Olivia has replaced Amelia as the most popular name given to baby girls in England and Wales in 2016, official statistics show.
Oliver, the top name for baby boys, remained in the number one spot for the fourth year in a row, data released by the Office for National Statistics revealed.
Olivia dethroned Amelia, which occupied the top position for five years.
Muhammad replaced William in the top 10 names for boys last year, while Poppy dropped out of the top 10 for girls, making way for Lily.
Olivia regained its status as the most popular name for girls, having been the top baby name between 2008 and 2010. The name came out top in Wales, and five out of nine regions across England. Finn appeared in the top 100 boys’ names for the first time in 2016 with 650 babies named Finn in England and Wales.
Meanwhile, Oliver was the most popular baby name for boys in six regions in England, as well as in Wales.
Four new entries, Felicity, Iris, Luna and Lydia, entered the top 100 for girls’ names last year, replacing Bethany, Hollie, Katie and Lacey. Albie, Arlo, Ezra, Finn, Jasper and Jesse entered the top 100 names for baby boys in 2016, replacing Callum, Connor, Jamie, Kian, Seth and Sonny which were in the top 100 in 2015.
Perhaps in a nod to celebrity trends, Harper, in the 2016 top 100, saw the biggest surge in popularity over the previous 10 years. Harper Beckham, daughter to David and Victoria Beckham, was born in 2011.
Meanwhile Jaxon, in the top 100 for boys, had risen the most among baby boys over the previous decade.
Nick Stripe, a statistician at the ONS, said: “With over 696,000 babies born in England and Wales in 2016, and nearly 64,000 different names chosen for them, it’s interesting how relatively stable the top 10 names have been over recent years.
“Olivia replaced Amelia as the most popular name for girls in 2016, returning to the top position it previously held between 2008 and 2010.
“Oliver remained the most popular name for baby boys born in 2016, having held the top spot since 2013.”
The name Arlo rose sharply in popularity in 2016 following Disney’s The Good Dinosaur, released in 2015.
“It is as you move down the rankings that you begin to notice social and cultural changes being reflected in name choices.
“Harper was the girls’ name in the top 100 in 2016 with the biggest rise in popularity over the previous 10 years, whilst for boys it was Jaxon.”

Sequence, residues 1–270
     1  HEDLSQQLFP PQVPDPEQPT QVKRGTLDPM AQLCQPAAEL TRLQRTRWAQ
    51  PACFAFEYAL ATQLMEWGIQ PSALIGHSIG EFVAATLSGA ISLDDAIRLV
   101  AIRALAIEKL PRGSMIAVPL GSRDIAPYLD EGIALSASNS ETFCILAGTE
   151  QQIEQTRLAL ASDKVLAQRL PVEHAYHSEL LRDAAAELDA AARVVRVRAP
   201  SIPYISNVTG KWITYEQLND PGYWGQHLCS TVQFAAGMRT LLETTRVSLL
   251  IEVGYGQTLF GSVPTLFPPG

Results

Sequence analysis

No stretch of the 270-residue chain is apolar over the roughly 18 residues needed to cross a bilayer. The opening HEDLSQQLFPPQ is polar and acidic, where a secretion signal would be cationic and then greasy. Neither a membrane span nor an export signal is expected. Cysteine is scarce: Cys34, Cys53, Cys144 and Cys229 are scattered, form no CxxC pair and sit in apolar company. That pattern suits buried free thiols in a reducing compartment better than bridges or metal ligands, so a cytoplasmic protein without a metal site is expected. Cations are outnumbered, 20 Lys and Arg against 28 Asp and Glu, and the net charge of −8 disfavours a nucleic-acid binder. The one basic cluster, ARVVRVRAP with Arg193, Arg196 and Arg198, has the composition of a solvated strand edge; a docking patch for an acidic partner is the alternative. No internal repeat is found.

There were 696,271 live births recorded in England and Wales in 2016.
The statistics are based on names first recorded at live births which occurred over 12 months. Some 64,000 different names were given in 2016.
Up to half of the most popular baby names stood the test of time, with Oliver, Harry, Jack, Charlie and Thomas remaining in the top 10 for boys since 2006.
The name Felicity has increased in popularity in recent years, entering the top 100 for the first time in 2016. Noah saw the biggest jump into the top 10 since 2006, climbing 41 places to number six, while Muhammad, at number eight, rose 35 spots in 10 years.
Four girls’ names from 2006 made it into the top 10 last year, Olivia, Emily, Lily and Jessica. Isla shot up 89 places to take the fourth spot, while Ava also jumped a considerable 55 places to number five.
Pamela Redmond Satran, co-founder of baby name website Nameberry, told the Press Association: “I’m delighted Olivia finally made top girl.
“She’s been bridesmaid for so many years now and I keep thinking this will be the year she’ll break through.”
Luna rose sharply in popularity after 2010 and was 78th most popular girls’ name in 2016, up 52 places from 2015.
“I’d bet on Olivia making number one in the US next year too.
“On names new to the Top 100, we are also seeing a steep rise in Arlo, Ezra, Finn, and Jasper, and for girls, Iris and Luna.
“These names have tradition behind them but also feel fresh.
“Every generation of parents needs to reinvent baby names.”